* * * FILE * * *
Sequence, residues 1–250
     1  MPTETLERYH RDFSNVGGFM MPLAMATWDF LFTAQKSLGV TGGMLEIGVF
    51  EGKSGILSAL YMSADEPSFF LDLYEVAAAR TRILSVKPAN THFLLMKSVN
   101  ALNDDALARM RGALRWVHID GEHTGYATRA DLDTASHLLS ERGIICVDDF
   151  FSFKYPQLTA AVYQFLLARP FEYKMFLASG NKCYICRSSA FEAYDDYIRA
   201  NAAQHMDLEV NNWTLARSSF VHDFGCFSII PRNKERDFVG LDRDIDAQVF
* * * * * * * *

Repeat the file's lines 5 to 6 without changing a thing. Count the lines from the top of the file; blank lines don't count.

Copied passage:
   151  FSFKYPQLTA AVYQFLLARP FEYKMFLASG NKCYICRSSA FEAYDDYIRA
   201  NAAQHMDLEV NNWTLARSSF VHDFGCFSII PRNKERDFVG LDRDIDAQVF